In the theater, nothing for years. At home, Witness for the Prosecution. Ms. Spenser hadn't seen it and I managed not to hint at the twist.
OK, I'll admit it, we watched Witness over two nights, with Age of Ultron between.
15) Jane Greer or Joan Bennett?
Jane Greer, mainly for The Big Steal. I think Joan Bennett never got serious until Dark Shadows.
16) Second-favorite Paul Verhoeven movie
Starship Troopers, following Total Recall as number 1. Both did horrible damage to the original story, and in both (in all his movies?) he seems to make terrible artistic decisions and cover by calling it satire. So, I don't like his movies much, but I love Dick and Heinlein, and even if he mistreated them at least he got them onscreen.
17) Your nominee for best/most important political or social documentary you’ve seen
That's easy: Inconvenient Truth. It's pretty much the only one I've seen.
18) Favorite movie twins
Patty Duke doesn't count, right? Spock and Evil Spock? That's TV too. Let me ask Ms. Spenser. She says John and Boomer in Jackie Chan's Twin Dragons. Done!
19) Best movie or movie moment about or involving radio
I'm a big fan of "exposition radio", where the characters turn on the radio just in time to hear that the police are on the lookout for ... them! And of course Woody Allen wrote a whole movie around the days of radio.
But I'm going with the scene in Neighbors when the creepy music sets you up for a scare, until Belushi turns off the radio - diegetic sound jokes get me every time, and I think that was the first one I noticed.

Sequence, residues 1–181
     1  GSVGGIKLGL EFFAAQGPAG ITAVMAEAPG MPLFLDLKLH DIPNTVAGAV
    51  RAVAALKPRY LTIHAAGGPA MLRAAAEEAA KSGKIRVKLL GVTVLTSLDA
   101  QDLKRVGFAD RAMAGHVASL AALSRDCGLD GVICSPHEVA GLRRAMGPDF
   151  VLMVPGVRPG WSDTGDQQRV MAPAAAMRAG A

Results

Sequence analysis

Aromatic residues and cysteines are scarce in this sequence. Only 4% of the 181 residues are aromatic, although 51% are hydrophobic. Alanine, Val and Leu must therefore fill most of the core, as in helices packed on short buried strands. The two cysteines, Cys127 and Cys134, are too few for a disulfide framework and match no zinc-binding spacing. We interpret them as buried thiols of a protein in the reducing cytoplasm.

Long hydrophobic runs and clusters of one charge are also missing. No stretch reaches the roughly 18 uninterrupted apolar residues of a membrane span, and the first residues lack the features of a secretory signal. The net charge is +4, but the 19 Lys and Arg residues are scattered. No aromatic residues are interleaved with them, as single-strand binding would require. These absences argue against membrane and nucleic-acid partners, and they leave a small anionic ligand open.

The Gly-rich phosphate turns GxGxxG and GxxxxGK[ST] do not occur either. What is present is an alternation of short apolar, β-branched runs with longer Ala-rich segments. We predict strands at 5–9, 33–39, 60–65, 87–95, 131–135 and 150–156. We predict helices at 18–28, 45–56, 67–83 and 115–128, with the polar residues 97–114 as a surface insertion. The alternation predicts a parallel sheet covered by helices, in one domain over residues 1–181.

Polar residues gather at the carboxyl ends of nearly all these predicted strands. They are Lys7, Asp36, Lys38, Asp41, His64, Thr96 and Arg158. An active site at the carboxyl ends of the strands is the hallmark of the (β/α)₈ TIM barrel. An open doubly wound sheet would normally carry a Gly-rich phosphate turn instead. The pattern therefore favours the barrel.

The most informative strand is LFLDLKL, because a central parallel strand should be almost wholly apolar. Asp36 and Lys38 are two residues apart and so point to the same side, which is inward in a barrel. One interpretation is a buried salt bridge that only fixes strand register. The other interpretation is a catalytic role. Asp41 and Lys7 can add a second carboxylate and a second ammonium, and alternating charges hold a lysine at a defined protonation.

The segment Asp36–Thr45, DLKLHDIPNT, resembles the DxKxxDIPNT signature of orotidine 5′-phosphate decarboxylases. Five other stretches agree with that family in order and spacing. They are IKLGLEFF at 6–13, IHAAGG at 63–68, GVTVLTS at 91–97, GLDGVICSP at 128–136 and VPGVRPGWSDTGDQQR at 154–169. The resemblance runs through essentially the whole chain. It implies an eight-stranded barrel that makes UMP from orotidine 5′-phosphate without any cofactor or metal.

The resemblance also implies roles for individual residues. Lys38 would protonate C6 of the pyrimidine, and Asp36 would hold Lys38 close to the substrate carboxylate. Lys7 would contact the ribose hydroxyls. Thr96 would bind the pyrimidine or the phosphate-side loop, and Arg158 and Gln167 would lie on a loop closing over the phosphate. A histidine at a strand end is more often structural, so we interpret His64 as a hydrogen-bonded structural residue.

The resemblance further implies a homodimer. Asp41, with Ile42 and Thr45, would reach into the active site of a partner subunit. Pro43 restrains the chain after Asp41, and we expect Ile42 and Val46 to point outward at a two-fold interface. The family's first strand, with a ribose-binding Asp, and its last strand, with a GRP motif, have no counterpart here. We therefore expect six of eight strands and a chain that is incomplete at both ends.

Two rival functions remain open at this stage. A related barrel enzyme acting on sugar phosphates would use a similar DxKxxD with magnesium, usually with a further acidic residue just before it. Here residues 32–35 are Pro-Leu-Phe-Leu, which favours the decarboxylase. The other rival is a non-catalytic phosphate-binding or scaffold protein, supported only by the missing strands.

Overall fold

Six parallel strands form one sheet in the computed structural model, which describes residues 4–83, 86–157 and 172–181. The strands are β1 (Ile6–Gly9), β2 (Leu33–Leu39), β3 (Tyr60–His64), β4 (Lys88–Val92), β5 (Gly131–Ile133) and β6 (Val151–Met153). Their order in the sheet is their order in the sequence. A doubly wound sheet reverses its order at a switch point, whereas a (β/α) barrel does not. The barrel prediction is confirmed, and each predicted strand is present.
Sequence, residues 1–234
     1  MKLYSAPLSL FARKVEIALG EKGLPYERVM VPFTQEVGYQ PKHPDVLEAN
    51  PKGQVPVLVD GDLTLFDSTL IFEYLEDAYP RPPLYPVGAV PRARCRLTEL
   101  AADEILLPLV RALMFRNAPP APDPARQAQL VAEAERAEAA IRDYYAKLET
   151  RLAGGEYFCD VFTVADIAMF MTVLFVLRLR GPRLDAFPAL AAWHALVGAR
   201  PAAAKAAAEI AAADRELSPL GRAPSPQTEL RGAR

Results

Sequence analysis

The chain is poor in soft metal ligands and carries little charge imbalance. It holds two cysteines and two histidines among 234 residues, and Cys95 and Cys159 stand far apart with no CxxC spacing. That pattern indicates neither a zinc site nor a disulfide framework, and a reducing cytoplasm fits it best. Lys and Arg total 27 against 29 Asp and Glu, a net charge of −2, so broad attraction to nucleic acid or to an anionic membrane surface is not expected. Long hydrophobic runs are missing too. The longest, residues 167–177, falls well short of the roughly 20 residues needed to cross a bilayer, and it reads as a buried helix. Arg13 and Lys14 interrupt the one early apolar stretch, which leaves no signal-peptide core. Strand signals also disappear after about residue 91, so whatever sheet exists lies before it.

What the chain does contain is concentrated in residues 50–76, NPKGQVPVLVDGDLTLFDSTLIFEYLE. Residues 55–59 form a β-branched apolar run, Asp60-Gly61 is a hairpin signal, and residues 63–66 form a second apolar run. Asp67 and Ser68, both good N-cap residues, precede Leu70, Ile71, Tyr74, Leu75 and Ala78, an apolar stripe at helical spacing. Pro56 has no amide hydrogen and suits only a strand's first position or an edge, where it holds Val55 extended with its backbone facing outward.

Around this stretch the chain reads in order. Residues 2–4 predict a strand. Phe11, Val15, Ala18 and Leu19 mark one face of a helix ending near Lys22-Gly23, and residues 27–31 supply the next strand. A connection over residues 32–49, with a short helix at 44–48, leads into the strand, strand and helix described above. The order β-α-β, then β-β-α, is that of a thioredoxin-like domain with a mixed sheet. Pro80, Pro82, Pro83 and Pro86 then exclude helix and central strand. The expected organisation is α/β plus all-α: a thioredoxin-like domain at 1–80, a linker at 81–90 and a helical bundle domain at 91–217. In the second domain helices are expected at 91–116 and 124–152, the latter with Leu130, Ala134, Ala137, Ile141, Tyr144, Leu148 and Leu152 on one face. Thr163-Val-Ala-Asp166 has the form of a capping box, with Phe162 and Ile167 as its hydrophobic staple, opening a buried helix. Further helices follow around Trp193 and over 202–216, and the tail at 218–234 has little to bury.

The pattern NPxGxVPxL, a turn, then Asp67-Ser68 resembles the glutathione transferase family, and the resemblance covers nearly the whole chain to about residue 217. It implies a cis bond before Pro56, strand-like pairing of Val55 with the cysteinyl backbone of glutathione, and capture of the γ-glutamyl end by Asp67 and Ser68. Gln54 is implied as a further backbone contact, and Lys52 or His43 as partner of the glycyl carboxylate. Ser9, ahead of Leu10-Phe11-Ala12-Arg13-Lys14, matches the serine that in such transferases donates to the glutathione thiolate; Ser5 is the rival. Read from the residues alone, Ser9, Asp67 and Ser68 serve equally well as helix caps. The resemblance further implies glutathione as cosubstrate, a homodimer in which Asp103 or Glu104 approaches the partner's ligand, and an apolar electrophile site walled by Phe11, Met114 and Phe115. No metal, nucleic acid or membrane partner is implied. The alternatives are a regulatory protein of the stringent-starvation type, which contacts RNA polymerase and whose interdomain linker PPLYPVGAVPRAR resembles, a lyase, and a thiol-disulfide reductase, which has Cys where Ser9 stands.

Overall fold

20) Eugene Pallette or William Demarest?
I'm not playing if you are going to be mean.
21) Favorite moment directed by Ken Russell
For now, I'll have to say the Nuns and Nazis hallucination in Lair of the White Worm - only because I've seen it most recently.
22) All-time best movie cat
Rhubarb, for sentimental reasons. I saw Rhubarb when I was a child sick at home on the Million-Dollar Matinee. The actor, a marmalade tabby named Orangey, was also in Breakfast at Tiffany's and Comedy of Terrors, and played Minerva in Our Miss Brooks.
23) Your nominee for best movie about teaching and learning, followed by the worst
I saw Real Genius a while ago, and was surprised at how much I liked it. But even though it is a movie about college, did anyone learn anything? I mean, other than lessons about life? Sorry, I got nothing.
24) Name an actor/actress currently associated primarily with TV who you'd like to see on the big screen
Off the top of my head - Saul Rubinek. He has a way of turning up in shows we like (or being the best part of shows we don't). Also, he's a mensch. He's been in plenty of movies, but I associate him with TV.
25) Stanley Baker or David Farrar
Can't place either, but I see that David Farrar was Sexton Blake, so him.
26) Critic Manny Farber once said of Frank Capra that he was "blah-blah-blah"
What is the Capra movie that best proves or disproves Farber's assertion?
And who else in Hollywood history might just as easily fit his description?
Master of effects who can come off as contrived? I think that description fits almost everyone, except for the likes of Ed Wood and Coleman Francis, who are incompetent and contrived.